K% Gains: Trend, Outlier, Or To Be Expected?

Those who have been smart enough to pick up a copy of the 2021 Baseball HQ Forecaster (and likely posted a picture of it to their Twitter) have already read through the “Other Diamonds” portion of the text. It’s my favorite part. In it, there is a section called Paradoxes and Conundrums and it states that a player’s year to year improvements can be labeled as, “a point in a growth trend, an isolated outlier or a complete anomaly…” I loved that line when I read it. But, so much strange happened in 2020 and I think it should have some say. In this post, I’ll go over three pitchers who increased their K% from 2020 to 2021 but whose gains might be skewed by the 2020 season. Two of these pitchers really just rose back up to where they were in 2019. An increase in K% is wonderful but is it a trend, an outlier, or, to incorporate my own twist, to be expected?

2021 starters league average K%: 22.6%

2021 relievers league average K%: 24%

Dylan Cease, K% increase: +14.6,      2020: 17.3%,      2021: 31.9%     2022 Steamer projection: 28.4%

What changed?

– 4-seamer added 2 inches of vertical movement, or 2.6 inches more rise than other similar 4-seamers. The pitch showed 10.5 inches in vertical movement in 2021, tied for 4th among all qualified pitchers (relievers and starters) in 2021.

– decreased usage of the changeup from 12.7% in 2020 to  7.4% in 2021.

– increased usage of the curveball from 9.3% in 2020 to 15.2% in 2021.

– increased K/BB (sometimes referred to as command ratio) from 1.29 in 2020 to 3.32 in 2021.

A few highlights:

– The Slider: Cease’s -8 slider run value was the best run value he has ever posted. From a wSL pitch value standpoint, the slider ranked 7th, right behind Gerrit Cole at 6th, and from a wSL/C standpoint, the pitch ranked 13th (both among qualified pitchers).


A look at this plot at the end of 2020 might have had some scared to draft Cease given that his ERA indicators finished much higher than his ERA. But the Slider’s value continued to rise and it seems pretty clear that Cease figured some things out in 2021.

Verdict: Trend but expect some regression. Steamer seems to agree, with a 28.4% predicted K% in 2022, lower than his 2021 end-of-season 31.9% but significantly higher than his 2020 17.3%.

Interested Parties Take Note: Averaging his 2019 BB% and his 2020 BB% gives you a number higher than his 2021 BB%. Could Cease have overcome his command issues noted in his “Prospects TLDR” or should we expect a higher BB% in 2022?

Jon Gray, K% increase: +11.8,     2020: 12.6%,     2021: 24.4%,     2022 Steamer projection: 23%

What changed?

– health, somewhat. Gray spent 27 days on the IL in 2020 with inflammation in his right shoulder which was like, half the season.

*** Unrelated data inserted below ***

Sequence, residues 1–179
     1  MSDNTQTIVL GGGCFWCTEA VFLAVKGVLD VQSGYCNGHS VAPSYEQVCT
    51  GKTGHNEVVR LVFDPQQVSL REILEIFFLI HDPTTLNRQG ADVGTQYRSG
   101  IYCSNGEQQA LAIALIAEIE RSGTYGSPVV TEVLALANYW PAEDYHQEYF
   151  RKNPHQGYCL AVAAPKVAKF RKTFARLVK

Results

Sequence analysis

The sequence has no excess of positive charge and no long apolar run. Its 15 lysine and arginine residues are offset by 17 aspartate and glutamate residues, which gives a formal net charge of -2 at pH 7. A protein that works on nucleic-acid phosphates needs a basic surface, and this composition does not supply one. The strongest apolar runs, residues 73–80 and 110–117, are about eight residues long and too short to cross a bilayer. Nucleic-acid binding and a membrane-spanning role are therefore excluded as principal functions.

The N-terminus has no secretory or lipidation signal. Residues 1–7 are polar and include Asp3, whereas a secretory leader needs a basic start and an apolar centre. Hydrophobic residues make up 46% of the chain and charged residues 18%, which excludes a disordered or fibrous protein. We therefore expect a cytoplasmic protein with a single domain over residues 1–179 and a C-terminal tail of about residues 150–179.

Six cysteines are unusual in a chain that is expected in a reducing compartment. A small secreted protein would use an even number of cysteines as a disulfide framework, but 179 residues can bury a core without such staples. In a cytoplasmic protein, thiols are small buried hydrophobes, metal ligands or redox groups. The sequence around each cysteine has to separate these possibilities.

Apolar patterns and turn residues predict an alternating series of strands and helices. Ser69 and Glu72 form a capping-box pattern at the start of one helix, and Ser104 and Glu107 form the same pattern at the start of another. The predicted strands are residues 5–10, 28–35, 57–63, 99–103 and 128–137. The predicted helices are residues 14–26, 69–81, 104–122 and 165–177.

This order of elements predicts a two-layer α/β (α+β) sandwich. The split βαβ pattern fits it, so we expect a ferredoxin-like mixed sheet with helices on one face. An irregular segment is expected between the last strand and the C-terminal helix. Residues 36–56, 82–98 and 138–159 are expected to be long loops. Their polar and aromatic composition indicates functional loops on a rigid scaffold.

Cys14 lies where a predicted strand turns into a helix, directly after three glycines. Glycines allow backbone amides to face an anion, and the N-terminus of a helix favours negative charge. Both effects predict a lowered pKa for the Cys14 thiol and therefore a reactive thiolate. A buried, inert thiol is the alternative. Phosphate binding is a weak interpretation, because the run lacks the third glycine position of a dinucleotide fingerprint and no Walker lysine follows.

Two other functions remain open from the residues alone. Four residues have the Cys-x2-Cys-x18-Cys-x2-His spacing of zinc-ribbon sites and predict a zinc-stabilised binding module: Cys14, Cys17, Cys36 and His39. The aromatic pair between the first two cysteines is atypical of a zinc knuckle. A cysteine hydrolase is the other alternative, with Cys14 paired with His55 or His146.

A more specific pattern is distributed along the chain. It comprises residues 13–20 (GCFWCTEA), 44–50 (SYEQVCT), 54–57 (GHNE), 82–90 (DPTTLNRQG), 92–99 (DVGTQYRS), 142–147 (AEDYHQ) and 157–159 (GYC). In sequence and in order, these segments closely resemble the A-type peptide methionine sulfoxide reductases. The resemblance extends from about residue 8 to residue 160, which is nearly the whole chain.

– increased usage of the slider reaching a career-high of 38.1% up from 2020’s 29.2%.

– decreased usage of both the curveball (down ~2% from 2020) and the changeup (down ~5% from 2020) and dropped the sinker completely.

– increased offspeed, breaking, and fastball velocity. Not by much, but it’s generally better than decreased offspeed, breaking, and fastball velocity.


– The Slider: This pitch earned a Whiff% (savant) of 38.8% in 2021 and 40.7% in 2020, so it seems like he went with a “throw your best pitch more often” approach. While the pitch does not glow savant red on his player page when it comes to vertical or horizontal movement compared to the average, it has done a great job of preventing runs, earning a run value score of -13. For comparison, that ranked 9th among qualified pitcher sliders in 2021 with Luke Jackson coming in at first with a score of -17.


Verdict: TO BE EXPECTED! One look at the above visualization shows us how this exercise is somewhat flawed. This is not really a trend, outlier, or anomaly. It is what we should expect. 2020 was a bad year for Gray, and he rebounded in 2021. Steamer’s projection of 23% K% in 2022 is right in line with his career stats and with what he did in 2021.

Interested Parties Take Note: What we have here is a pitcher expected to post a K% higher than league average leaving Coors Field. But, he did spend 29 days on the 2021 IL due to a right (Gray is a righty) flexor strain.

Luke Jackson, K% increase: +11.6,     2020: 15.2%,     2021: 26.8%,     2022 Steamer projection: 25.7%

What changed?

– decreased curveball usage from 19.5% in 2020 to 11.1% in 2021.

– increased slider usage from 43.6% in 2020 to 53.3% in 2021.


– The Slider: (Have you noticed a trend here?) Jackson’s slider went for a whiff 42.0% of the time in 2019, 41.4% of the time in 2017 and then 35.1% of the time in 2021. So, you can surmise that he knows how to throw it. He has thrown the pitch a lot in the last three years. But, in 2021 the pitch reached a career-high (for all pitches) -17 run value, first overall (MLB) in run value for sliders. But again, it’s always been there, fetching a -14 run value in 2019.


Verdict:  Like Gray, this seems TO BE EXPECTED! and 2020 seems to have brought him down a peg, only to show a rebound in 2021. It’s reasonable to assume the K% reaches somewhere between 2019 and 2021. While he’s going to have trouble being fantasy relevant in 2022, fantasy managers who are in leagues that count holds should take note. He had 31 in 2021.

Interested Parties Take Note:  While his K% did go up, so did his statcast Sweet Spot%, Barrel%, and Hard Hit%, Exit Velocity aaaaaaand xSLG. While most of these stats didn’t increase by a ton, there still seem to be a lot of scary categories on the rise there. It could certainly be noise, but it could also be a sign.

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Baller McCheeseJoe Wilkeyjamesdakrnweekendatbidens Recent comment authors
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Consider telling us the percentiles where these pitches rank.